Celeste Villegas, 10, wanted to help her mother cook meals, so she joined a cooking class at Juniper Elementary School in Bend.
“I surprised her,” Celeste, a fifth-grader, said as she chopped vegetables.
Celeste and about 10 other fourth- and fifth-graders from Juniper are taking a free after-school cooking class run by the Assistance League of Bend.
On Tuesday, the students learned how to make healthy tacos with beans, cheese, lettuce and turkey. Sitting along two banquet tables, the students cut vegetables, cooked ground turkey on a stove and assembled the dish.
At the end of the four-week class, the students will take home a cookbook with all the recipes they made. The league also teaches the class at Bear Creek Elementary School in Bend.
Cindy Rowley, a league volunteer, teaches the class with other volunteers. Along with the mechanics of cooking, students also learn how to pick out healthy foods, Rowley said.
“We're teaching them about making good choices,” Rowley said.
Standing at the head of one of the tables, Rowley held up a bowl of beans. She wanted students to tell her what the beans added to the tacos.
“Beans are a source of ...” she said, leading the class to an answer.
After waiting, Rowley gave hints.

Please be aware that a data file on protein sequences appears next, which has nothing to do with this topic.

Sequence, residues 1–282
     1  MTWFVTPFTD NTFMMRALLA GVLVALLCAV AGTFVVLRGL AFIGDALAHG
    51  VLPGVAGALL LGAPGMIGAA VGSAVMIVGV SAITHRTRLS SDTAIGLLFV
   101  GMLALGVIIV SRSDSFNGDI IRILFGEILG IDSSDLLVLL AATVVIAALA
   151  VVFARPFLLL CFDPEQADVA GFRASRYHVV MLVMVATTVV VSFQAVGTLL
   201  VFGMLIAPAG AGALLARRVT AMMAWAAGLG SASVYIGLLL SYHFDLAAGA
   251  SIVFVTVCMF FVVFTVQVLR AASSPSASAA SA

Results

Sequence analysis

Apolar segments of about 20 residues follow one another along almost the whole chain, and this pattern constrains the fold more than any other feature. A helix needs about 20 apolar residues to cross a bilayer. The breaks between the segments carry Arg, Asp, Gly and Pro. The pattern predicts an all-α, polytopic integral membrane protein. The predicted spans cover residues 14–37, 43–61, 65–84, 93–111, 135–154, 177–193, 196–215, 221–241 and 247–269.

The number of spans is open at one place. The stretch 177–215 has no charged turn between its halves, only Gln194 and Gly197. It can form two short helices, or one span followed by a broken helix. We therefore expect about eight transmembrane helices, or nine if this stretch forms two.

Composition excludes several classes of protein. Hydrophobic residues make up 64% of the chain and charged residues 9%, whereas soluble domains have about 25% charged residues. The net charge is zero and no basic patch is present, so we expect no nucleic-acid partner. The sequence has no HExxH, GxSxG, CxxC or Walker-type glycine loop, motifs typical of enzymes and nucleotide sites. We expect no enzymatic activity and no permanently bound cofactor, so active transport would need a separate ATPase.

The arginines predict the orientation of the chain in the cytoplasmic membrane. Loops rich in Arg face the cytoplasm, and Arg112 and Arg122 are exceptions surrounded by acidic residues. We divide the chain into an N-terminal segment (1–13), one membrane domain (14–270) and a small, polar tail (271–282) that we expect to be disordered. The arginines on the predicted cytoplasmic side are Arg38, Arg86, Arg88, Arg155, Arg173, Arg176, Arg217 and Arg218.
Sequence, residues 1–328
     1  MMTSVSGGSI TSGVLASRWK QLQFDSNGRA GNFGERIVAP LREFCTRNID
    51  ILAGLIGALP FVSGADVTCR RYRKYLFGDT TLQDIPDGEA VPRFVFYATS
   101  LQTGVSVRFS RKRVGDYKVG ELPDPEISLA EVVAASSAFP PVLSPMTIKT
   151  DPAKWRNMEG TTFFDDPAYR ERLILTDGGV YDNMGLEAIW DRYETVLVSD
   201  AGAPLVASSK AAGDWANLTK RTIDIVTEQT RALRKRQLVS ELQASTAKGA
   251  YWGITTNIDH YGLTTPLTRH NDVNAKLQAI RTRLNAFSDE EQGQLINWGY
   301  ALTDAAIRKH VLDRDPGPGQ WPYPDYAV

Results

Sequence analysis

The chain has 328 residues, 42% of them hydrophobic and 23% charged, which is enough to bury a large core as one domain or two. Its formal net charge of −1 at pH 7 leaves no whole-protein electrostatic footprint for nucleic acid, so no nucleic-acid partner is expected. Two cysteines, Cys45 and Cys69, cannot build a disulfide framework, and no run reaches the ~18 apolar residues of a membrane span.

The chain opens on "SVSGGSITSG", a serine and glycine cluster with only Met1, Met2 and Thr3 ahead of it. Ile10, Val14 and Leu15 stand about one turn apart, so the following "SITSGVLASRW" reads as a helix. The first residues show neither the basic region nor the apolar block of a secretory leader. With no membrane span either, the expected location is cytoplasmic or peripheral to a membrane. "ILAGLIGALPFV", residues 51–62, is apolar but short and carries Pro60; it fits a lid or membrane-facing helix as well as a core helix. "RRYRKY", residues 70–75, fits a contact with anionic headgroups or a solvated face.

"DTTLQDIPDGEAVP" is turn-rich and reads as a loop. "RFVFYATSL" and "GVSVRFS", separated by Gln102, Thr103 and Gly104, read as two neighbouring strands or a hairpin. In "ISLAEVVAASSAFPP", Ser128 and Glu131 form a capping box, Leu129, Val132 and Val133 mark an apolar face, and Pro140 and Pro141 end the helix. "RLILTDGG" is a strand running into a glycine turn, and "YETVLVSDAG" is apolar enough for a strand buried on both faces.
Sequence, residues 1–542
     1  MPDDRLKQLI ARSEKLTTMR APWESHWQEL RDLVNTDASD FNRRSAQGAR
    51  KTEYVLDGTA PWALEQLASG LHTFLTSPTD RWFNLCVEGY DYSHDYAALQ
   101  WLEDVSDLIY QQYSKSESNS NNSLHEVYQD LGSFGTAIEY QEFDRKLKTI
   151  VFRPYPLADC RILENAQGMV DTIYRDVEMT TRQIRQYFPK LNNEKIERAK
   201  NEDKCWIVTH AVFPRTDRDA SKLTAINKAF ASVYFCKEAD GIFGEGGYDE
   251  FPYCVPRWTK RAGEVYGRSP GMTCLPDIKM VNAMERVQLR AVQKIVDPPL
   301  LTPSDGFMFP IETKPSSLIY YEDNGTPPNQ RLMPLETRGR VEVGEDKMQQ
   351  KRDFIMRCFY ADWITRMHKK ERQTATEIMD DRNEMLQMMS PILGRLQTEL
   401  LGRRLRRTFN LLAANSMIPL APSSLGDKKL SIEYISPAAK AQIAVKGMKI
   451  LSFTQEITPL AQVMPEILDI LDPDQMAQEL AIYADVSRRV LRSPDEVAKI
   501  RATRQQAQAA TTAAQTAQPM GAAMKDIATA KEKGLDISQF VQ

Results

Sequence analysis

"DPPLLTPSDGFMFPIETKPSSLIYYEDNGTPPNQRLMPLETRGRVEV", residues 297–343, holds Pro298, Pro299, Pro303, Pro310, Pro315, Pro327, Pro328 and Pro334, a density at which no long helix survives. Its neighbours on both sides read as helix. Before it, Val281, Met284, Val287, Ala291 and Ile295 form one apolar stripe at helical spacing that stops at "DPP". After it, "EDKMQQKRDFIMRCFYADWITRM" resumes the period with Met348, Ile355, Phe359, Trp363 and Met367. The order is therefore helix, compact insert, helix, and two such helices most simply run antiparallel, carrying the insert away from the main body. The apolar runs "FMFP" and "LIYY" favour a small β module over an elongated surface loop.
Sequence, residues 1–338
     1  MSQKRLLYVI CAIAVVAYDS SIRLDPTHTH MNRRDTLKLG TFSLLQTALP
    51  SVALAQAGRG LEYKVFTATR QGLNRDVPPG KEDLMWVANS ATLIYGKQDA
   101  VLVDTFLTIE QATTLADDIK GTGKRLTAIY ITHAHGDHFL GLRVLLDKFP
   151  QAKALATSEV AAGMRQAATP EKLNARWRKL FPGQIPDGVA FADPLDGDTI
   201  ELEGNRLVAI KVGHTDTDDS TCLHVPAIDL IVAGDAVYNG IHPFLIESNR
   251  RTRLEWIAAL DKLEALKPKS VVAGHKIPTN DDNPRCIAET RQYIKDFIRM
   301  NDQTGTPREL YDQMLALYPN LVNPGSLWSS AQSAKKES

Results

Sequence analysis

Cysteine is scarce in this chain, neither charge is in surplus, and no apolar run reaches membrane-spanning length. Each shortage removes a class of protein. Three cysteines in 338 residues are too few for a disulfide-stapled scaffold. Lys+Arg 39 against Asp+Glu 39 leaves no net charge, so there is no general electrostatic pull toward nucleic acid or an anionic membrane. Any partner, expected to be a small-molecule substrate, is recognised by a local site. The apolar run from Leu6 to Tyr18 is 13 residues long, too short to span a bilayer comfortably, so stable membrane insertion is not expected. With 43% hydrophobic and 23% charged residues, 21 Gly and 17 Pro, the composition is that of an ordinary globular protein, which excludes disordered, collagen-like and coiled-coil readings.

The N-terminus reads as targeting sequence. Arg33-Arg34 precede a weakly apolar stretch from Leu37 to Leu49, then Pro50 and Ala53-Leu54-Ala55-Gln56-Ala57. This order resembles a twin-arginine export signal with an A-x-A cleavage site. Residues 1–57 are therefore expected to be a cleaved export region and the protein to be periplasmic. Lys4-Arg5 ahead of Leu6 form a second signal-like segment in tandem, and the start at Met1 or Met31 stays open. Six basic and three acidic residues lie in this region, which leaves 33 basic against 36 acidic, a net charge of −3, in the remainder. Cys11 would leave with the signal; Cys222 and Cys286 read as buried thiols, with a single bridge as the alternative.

“It begins with a ‘p,'” she said.
After a few more seconds, the class shouted, “Protein!”
Some of the students had never worked in a kitchen much before taking the class, which is in its second week. Ten-year old Kendall Dezember said she hadn't cooked much before but has enjoyed the class.
Cooking has been more difficult than she expected. Grating cheese was easy. Chopping celery, that was more difficult, the fourth-grader said.
“It's been kind of medium, as in some things are hard to do,” Kendall said.
Michael Whitefield, 10, enjoys cooking, so he took the class.
As long as the food is tasty, he said he doesn't mind preparing difficult dishes. And he's happy to try different combinations of food, though one effort didn't work out during class on Tuesday.
After Michael, a fifth-grader, took a bite of celery he'd filled, he grimaced.
“Cream cheese and sunflower seeds didn't taste that good, but I thought it would,” Michael said.
Fifth-grader Natalie Pless, 10, signed up for the class because of her career ambitions. Between bites of her taco, which was spilling over with fillings, Natalie said she wants to be a chef.
“When I'm older ... that's kind of like my dream,” she said and took another bite.